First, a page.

New York State Comptroller Tom DiNapoli says the Coronavirus pandemic is going to cause a ‘multi-year hit to state finances’ that would undoubtedly have an impact on communities throughout Upstate New York.
The coronavirus pandemic has caused extraordinary economic challenges in New York with punishing, still-evolving impacts on public health, jobs, the economy and state finances. As a result, the enacted state budget leaves greater uncertainty for school districts, health care providers and local governments this year than ever before, according to a report released on Wednesday by New York State Comptroller Thomas P. DiNapoli.
“The ultimate price of the coronavirus remains undetermined. What is clear is that Washington must do more to help stabilize state and local government finances to avoid drastic cuts that would hurt hospitals, schools and vital services,” DiNapoli said. “The Executive and Legislature passed a budget under very difficult circumstances to address our immediate needs, but we must be mindful of the bigger picture. Tax revenues will be substantially lower in the near term because of the pandemic, and likely well beyond. The state should minimize long-term costs from any new debt and commit to building up our rainy day reserves. The road ahead is a challenging one and will require a long-term strategy.”
DiNapoli’s report notes the state has delayed the filing deadline for 2019 tax returns for individuals and corporations from April 15th to July 15th. The Comptroller’s office estimates the amount of overall tax receipts delayed from April to July could be as much as $9 billion to $10 billion, depending largely on how many taxpayers choose to delay their filings. While the state received almost $3.8 billion in Coronavirus Relief Fund resources earlier this month, the total amount of federal assistance available to help address cash-flow and budget-balancing needs remains to be determined. The ability of the state to fully achieve its Medicaid savings target also remains unclear.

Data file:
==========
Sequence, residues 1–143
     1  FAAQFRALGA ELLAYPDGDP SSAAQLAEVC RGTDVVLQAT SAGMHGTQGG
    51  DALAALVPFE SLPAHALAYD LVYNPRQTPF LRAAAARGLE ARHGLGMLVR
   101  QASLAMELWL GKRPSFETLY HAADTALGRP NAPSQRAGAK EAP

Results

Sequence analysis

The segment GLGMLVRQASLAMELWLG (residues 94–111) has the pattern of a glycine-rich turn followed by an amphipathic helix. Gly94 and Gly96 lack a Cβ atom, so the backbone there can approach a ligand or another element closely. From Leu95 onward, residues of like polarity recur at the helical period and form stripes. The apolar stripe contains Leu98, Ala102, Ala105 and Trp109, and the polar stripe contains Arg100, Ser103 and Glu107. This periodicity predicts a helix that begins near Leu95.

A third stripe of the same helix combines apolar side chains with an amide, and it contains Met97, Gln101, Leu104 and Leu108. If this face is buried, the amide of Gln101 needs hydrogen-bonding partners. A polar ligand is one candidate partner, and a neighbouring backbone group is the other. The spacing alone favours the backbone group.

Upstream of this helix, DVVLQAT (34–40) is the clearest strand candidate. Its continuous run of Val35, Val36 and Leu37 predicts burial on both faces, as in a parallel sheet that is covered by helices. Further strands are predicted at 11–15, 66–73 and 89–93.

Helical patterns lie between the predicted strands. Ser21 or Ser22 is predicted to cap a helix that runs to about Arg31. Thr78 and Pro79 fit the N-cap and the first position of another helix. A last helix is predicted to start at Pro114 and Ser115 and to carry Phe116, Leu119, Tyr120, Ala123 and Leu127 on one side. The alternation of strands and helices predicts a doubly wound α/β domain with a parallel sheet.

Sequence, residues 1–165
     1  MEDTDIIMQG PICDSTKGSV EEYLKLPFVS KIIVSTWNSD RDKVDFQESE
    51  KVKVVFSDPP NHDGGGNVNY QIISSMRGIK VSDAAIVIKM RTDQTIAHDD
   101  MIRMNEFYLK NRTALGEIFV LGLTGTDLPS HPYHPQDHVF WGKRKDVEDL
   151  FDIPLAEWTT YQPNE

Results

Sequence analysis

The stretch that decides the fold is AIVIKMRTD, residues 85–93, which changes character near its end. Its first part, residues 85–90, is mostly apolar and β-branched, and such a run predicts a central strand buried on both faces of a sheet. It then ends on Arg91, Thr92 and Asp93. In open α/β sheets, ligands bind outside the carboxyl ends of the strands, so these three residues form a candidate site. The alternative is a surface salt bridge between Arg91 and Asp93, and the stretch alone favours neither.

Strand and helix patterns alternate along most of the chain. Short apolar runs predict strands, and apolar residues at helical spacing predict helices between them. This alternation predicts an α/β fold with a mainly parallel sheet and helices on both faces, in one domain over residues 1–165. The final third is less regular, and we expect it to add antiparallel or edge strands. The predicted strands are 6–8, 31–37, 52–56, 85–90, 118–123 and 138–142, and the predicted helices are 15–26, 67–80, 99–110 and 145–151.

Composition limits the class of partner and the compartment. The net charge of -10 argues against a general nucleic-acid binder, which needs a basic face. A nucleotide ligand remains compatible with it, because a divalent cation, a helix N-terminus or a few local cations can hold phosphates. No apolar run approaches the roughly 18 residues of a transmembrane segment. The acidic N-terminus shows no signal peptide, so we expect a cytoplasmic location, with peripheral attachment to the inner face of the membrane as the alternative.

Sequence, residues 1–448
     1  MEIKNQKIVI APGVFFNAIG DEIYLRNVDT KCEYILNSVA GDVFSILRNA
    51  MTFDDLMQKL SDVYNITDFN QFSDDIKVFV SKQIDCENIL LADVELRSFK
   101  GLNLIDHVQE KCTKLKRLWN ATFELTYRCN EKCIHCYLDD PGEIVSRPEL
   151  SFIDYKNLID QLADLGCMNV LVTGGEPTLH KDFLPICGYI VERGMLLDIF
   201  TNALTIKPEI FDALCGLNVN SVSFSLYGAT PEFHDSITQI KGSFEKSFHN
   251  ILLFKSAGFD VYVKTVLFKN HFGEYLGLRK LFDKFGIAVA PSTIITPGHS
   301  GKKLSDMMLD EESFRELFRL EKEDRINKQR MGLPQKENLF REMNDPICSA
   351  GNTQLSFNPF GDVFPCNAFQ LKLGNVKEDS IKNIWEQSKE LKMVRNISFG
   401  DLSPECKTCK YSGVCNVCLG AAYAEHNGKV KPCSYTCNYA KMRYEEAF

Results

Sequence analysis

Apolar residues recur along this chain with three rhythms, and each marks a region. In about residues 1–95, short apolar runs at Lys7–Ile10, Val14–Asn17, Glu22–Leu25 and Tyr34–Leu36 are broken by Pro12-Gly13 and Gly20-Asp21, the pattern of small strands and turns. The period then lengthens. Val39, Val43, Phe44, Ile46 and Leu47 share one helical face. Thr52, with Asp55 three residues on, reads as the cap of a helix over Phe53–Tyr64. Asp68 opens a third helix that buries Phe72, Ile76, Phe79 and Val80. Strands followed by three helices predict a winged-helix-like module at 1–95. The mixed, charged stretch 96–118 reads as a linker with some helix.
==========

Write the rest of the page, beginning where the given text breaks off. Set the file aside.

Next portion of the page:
In response to these fiscal challenges, the Enacted Budget provides the Executive with extraordinary flexibility to manage spending, including authority to make broad reductions in most local assistance spending as needed to maintain budget balance. Separate provisions authorize the Executive to reduce Medicaid spending, in particular, if disbursements are expected to exceed projections or other developments occur.
Some of these spending provisions provide a role for the Legislature, while others do not. Given the extraordinary flexibility for spending reductions, the state Division of the Budget should go beyond statutory reporting requirements to provide more frequent and more detailed public updates on fiscal developments, including monthly updates on the economic and revenue outlook. DiNapoli said given the range of challenges facing entities that depend on state funding, stakeholder input on any budget actions should occur.
The final budget also included an additional $21.4 billion in total new and increased state-supported debt authorizations, including $11 billion for cash flow or deficit financing purposes. While short-term borrowing to offset delayed revenues may be appropriate, DiNapoli urges caution in any longer-term borrowing for operating costs.